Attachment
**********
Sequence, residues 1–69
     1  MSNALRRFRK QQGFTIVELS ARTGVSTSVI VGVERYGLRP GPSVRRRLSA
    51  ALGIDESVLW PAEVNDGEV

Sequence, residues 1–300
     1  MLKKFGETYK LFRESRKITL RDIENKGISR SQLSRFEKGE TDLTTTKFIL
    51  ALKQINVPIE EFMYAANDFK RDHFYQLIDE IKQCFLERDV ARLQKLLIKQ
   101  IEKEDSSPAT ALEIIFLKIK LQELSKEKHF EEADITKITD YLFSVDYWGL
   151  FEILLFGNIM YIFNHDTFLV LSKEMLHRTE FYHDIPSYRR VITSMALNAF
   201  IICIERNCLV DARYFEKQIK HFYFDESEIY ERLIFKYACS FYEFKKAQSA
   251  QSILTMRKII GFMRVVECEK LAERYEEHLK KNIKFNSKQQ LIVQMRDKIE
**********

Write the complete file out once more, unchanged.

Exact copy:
Sequence, residues 1–69
     1  MSNALRRFRK QQGFTIVELS ARTGVSTSVI VGVERYGLRP GPSVRRRLSA
    51  ALGIDESVLW PAEVNDGEV

Sequence, residues 1–300
     1  MLKKFGETYK LFRESRKITL RDIENKGISR SQLSRFEKGE TDLTTTKFIL
    51  ALKQINVPIE EFMYAANDFK RDHFYQLIDE IKQCFLERDV ARLQKLLIKQ
   101  IEKEDSSPAT ALEIIFLKIK LQELSKEKHF EEADITKITD YLFSVDYWGL
   151  FEILLFGNIM YIFNHDTFLV LSKEMLHRTE FYHDIPSYRR VITSMALNAF
   201  IICIERNCLV DARYFEKQIK HFYFDESEIY ERLIFKYACS FYEFKKAQSA
   251  QSILTMRKII GFMRVVECEK LAERYEEHLK KNIKFNSKQQ LIVQMRDKIE